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SolutionBase: Improve disaster recovery by learning to modify a disk in place

Discover how to use a disk editor to recover lost files.


As you know, Windows 9x isn't known for stability. One of the things that can sometimes go wrong with Windows 9x is directory corruption of the FAT32 file system. Being able to work on data in place will aid your ability to perform disaster recovery, since much enterprise data is still stored on the FAT32 file systems in old Windows 9x systems. You can work directly with the FAT32 file system using a disk editor in order to recover files directly from the disk. In some cases, you may be able to more quickly recover a lost or damaged file by working directly with the disk than by shipping it off to a data recovery service.

What you'll need
A drive editor with robust editing tools is important for getting this job done. My personal favorite is WinHex. Made by X-Ways Software Technology AG of Germany, WinHex is an advanced hex editor that includes powerful data recovery and analysis utilities. It also provides an excellent forensics tool, which you can use if you buy a Specialist license. Licenses depend on features requested, and cost $50 (Personal), $92 (Professional), and $145 (Specialist). For the features you get, it's a bargain.

Setting up a practice drive
Naturally, while you go through the steps in this Drilldown, you won't want to chance harming your data. So before practicing in-place file recovery, create a small FAT32 partition just for that purpose.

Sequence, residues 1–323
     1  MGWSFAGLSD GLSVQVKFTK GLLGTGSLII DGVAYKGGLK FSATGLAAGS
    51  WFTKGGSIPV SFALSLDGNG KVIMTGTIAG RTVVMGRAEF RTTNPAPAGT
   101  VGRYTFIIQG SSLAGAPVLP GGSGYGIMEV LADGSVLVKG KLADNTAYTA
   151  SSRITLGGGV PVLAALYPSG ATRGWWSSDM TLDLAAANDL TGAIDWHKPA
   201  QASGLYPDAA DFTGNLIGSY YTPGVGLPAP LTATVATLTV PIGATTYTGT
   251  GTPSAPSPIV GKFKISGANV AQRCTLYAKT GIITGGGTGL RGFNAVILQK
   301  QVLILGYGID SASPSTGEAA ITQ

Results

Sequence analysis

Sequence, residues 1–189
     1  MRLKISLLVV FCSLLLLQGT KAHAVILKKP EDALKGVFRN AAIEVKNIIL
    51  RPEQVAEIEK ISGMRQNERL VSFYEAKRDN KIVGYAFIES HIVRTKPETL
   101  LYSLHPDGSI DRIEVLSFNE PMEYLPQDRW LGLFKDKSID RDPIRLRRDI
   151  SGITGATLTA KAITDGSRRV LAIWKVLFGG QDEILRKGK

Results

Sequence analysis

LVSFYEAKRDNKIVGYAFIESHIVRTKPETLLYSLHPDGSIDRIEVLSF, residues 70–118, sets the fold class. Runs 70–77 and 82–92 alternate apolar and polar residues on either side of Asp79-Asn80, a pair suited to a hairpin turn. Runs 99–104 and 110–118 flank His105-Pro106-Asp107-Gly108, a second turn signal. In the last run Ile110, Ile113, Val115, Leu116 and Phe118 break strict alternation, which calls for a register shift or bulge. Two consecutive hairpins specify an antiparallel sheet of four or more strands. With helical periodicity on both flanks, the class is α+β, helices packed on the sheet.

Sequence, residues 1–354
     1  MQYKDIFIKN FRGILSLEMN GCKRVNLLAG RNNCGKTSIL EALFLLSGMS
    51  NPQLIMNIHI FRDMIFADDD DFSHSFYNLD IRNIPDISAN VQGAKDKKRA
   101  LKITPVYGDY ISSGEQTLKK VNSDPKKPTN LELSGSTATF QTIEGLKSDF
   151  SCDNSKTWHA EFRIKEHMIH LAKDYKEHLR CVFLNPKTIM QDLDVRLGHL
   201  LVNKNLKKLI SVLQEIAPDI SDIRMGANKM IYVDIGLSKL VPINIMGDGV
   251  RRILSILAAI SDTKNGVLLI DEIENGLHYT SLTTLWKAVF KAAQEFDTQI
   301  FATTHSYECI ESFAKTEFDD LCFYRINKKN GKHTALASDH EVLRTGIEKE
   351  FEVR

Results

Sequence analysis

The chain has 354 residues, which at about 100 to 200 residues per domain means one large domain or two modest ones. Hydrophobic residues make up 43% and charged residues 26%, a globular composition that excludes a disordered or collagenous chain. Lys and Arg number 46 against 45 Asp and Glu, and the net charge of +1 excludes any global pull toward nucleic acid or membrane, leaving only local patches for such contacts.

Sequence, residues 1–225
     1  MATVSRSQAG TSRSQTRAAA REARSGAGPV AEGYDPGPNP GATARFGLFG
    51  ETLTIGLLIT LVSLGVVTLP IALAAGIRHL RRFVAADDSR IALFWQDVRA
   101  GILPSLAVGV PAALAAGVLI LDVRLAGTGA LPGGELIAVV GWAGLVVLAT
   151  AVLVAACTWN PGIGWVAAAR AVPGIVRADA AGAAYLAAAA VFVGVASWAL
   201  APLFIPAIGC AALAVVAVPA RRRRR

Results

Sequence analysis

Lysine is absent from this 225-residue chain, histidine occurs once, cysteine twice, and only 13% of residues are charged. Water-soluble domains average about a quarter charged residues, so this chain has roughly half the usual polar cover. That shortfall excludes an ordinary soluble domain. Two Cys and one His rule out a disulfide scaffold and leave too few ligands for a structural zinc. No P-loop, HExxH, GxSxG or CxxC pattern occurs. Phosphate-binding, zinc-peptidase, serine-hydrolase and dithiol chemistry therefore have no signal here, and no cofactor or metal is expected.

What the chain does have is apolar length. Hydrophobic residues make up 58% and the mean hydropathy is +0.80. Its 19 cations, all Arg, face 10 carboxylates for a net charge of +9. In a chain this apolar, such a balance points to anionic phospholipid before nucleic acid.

Configuring WinHex for file recovery
A few WinHex configuration changes will make it easier to recover data from FAT32 systems. If you are using another disk editor, make as many of these changes as it allows.

Make sure WinHex is not set up as an In-Place Editor. If it were, every data change would be saved immediately to the media. Under the Options menu, if In-Place Editor is checked, uncheck it. This will allow edits to be committed to disk only when you opt to save them. Note that when you're working with sensitive files, you can also check the Option marked Use As Viewer, which opens all data write-protected. Leave this option unchecked, however, because we'll be writing to the drive.

Next, make sure the Details Panel is open by selecting View | Show and checking Details Panel. This display reveals needed information about the disk. Each entry in the File Allocation Table consists of four bytes. To easily read the FAT32 structure as one cluster per line, set WinHex to display four bytes per row. Select View and click the arrow next to the option, One Column Less, until the display is four bytes across. Next to the four Hex entries will be four text entries.

Backing up the FAT
To help prevent unrecoverable disk disasters, it's an excellent practice to periodically back up your File Allocation Table. Why do this if the FAT file system already maintains a spare copy? The FAT 2 copy is stored immediately after FAT 1. Therefore, the same conditions that damage FAT 1 may damage the spare. For this reason, it's valuable to regularly backup the FAT and store it elsewhere.

The File Allocation Table for FAT32 begins at a location determined by that drive's structure. The length of the table depends on the disk size and formatting. The table needs to be large enough to contain entries for each available disk cluster (a cluster, you will recall, is the smallest unit used to store files). Fortunately, WinHex makes it unnecessary to perform many of these calculations.

Access FAT 1